Traditional Christmas Plants

Selaginella martensii f. albovariegata – Okay, I’ll admit it, Christmas Fern really isn’t a traditional indoor plant, but given it’s popularity I have have no doubt that it will soon claim that status. This lycophyte (related to club moss) is native to Mexico and Central America and prefers bright indirect light, even moisture and a daily misting with warm water. Hardy to zone 10.

Hippeastrum ‘Pink Diamond’ – An elegant cultivar of Amaryllis with large rose-pink flowers, contrasted with white central accents. Plant the bulb (buy the biggest one)  6 to 8 weeks before you want it to bloom, using a small but heavy pot (terra cotta or ceramic) for counterweight, and make sure the top third of the bulb is still exposed. Other good Amaryllis include ‘Red Lion’ and ‘Minerva’.

Euphorbia pulcherrima ‘Tricolor’ – Here is the perfect gift for the ‘decorating impaired’ or those who don’t have a clue what the recipient would like, as the red, white and pink bracts pretty well cover most bases. You can even create your own Tricolor poinsettia by potting up three generous 4″ plants together – such as ‘Mars White’, ‘Mars Pink’ and ‘Mars Red’, or the ‘Cortez’ series.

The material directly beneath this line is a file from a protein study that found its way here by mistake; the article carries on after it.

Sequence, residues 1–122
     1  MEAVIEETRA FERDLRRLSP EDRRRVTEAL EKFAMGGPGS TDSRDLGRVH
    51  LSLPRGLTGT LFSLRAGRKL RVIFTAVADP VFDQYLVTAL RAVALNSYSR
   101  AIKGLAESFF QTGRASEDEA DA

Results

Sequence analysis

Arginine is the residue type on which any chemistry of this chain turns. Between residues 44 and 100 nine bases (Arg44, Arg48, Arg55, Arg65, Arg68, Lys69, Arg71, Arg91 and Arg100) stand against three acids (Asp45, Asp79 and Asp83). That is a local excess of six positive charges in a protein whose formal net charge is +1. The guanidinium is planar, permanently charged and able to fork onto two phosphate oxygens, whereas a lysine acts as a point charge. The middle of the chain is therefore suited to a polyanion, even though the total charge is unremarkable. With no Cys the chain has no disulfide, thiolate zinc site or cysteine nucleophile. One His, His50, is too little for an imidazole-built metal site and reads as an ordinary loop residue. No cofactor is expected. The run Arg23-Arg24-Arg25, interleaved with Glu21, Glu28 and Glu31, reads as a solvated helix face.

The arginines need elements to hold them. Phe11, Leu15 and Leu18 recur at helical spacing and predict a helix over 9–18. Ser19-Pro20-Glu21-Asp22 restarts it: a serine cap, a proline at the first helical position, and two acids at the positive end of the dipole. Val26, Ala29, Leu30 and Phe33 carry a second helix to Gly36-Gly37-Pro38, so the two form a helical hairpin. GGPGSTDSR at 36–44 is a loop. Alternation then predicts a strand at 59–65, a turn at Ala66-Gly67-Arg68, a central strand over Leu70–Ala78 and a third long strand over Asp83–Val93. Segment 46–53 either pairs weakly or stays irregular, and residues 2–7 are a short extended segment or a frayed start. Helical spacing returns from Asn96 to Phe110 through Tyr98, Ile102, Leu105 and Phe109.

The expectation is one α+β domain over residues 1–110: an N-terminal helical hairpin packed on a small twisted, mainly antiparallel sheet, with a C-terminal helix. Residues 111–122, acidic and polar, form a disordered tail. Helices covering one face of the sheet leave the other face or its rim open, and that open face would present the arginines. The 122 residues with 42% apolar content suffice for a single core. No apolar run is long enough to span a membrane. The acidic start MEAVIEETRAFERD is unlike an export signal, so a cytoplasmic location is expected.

Narcissus ‘Ziva’ – Paperwhites are Tazetta Narcissus that are forced indoors for their fragrant white November to December blooms. Use a 12″ tall clear glass vase with 2″ of marbles or decor rock in the bottom, set the bulbs into this and water just to the base of the bulbs (no higher, or they will rot)  They will bloom 4-6 weeks after planting, growing 16 to 18″ high. Hardy to zone 9.

Schlumbergera truncata (syn. Zygocactus truncatus) There are actually several species of Christmas cactus out there, with the real rose-red one being Schlumbergera x buckleyi (syn. S. bridgesii). They come in pink, white, salmon and scarlet and prefer bright indirect light, daily misting and being allowed to dry out between waterings. Keep away from drafts and heat sources (furnace vents) to avoid bud drop. Native to Brazil.

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